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It takes at least 2 weeks to develop full immune protection after getting your final dose of COVID-19 vaccine.
You are considered fully vaccinated if it has been at least:
Because protection after vaccination may decrease over time, you may also need a COVID-19 booster shot.
The CDC recommends you stay up to date with your COVID-19 vaccines to better protect yourself and others. Everyone 6 months of age and older can now be vaccinated.
Up-to-date means you have received all doses in the primary series and one booster when eligible. It is recommended that everyone 5 and older get one booster. Second COVID-19 boosters are recommended for people in certain groups.
The CDC recommends that anyone who can receive one of the two mRNA vaccines (Pfizer-BioNTech or Moderna) do so. However, the Johnson & Johnson vaccine is available for those over 18 who cannot take an mRNA vaccine due to issues such as a severe allergy.
This recommendation is based on:
The Advisory Committee on Immunization Practices for the prevention of COVID-19 recommends receiving any vaccine—including the Johnson & Johnson vaccine—over not being vaccinated.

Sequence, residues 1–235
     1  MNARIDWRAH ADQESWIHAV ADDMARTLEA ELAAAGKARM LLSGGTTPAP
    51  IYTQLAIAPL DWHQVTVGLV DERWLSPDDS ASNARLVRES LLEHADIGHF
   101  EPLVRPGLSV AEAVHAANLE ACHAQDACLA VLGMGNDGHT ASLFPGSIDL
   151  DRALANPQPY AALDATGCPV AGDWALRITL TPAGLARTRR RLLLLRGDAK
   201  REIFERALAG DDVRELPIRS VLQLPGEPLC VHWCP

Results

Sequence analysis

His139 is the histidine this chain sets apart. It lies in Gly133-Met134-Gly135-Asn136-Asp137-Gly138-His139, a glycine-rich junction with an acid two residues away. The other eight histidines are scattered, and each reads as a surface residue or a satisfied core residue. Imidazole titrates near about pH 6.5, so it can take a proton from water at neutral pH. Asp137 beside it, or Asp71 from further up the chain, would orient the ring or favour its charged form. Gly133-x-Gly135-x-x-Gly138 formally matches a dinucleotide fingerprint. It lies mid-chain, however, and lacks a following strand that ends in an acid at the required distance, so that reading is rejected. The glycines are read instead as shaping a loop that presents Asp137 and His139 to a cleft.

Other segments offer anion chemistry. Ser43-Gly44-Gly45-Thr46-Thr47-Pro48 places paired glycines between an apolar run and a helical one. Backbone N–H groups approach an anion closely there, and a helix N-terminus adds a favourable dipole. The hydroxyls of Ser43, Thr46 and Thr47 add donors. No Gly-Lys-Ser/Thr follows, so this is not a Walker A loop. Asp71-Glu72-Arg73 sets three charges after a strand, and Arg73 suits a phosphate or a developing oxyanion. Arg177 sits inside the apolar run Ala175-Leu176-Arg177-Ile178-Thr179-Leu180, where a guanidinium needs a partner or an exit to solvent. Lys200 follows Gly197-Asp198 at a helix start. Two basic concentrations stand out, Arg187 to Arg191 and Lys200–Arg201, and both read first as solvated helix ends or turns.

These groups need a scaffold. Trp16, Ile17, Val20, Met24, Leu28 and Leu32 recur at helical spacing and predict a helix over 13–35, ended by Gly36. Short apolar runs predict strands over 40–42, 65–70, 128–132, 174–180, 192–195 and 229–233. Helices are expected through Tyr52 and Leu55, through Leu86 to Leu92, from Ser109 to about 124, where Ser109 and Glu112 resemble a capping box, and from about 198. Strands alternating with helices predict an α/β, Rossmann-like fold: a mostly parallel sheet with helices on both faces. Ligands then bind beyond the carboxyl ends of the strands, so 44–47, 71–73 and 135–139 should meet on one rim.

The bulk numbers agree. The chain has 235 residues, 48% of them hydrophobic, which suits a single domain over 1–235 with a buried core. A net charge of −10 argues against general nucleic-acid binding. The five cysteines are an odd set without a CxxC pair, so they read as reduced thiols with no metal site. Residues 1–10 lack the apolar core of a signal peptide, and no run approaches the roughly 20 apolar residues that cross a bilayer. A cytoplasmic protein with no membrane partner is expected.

If you are immunocompromised (have a weak immune system), your doctor may recommend an additional dose of COVID-19 vaccine as part of your initial vaccination series.
The third dose of a COVID-19 vaccine helps those with weak immune systems who may not have built up enough immunity from the first two doses of Pfizer-BioNTech or Moderna.
The booster shot helps combat a decrease in immune response over time.
Studies have shown that people with weakened immune systems may have a reduced immune response to the vaccine. This results in less protection against severe COVID-19.
People who may need an additional dose of COVID-19 vaccine include patients who:
The third dose can help boost your immune system’s response to the vaccine. You should get your third dose at least 28 days after your last dose. It should be the same vaccine you received previously.
Currently third doses are authorized for:
If you have questions about whether you’re eligible for a third dose, talk with your doctor.
Studies have shown that immunity may decrease over time.
The Food and Drug Administration (FDA) authorized boosters for all adults. And the Centers for Disease Control and Prevention (CDC) has updated guidance on who can have boosters.
People in certain groups are eligible for a second COVID-19 booster. Talk to your health care provider about it.
In general, a COVID-19 vaccine booster dose should be the same vaccine brand as what you originally received. However, you may choose to get a different COVID-19 vaccine as a booster shot. Mix and match dosing for booster shots is allowed under current recommendations. Talk to your health care provider if you have questions.
Reviewed: June 2022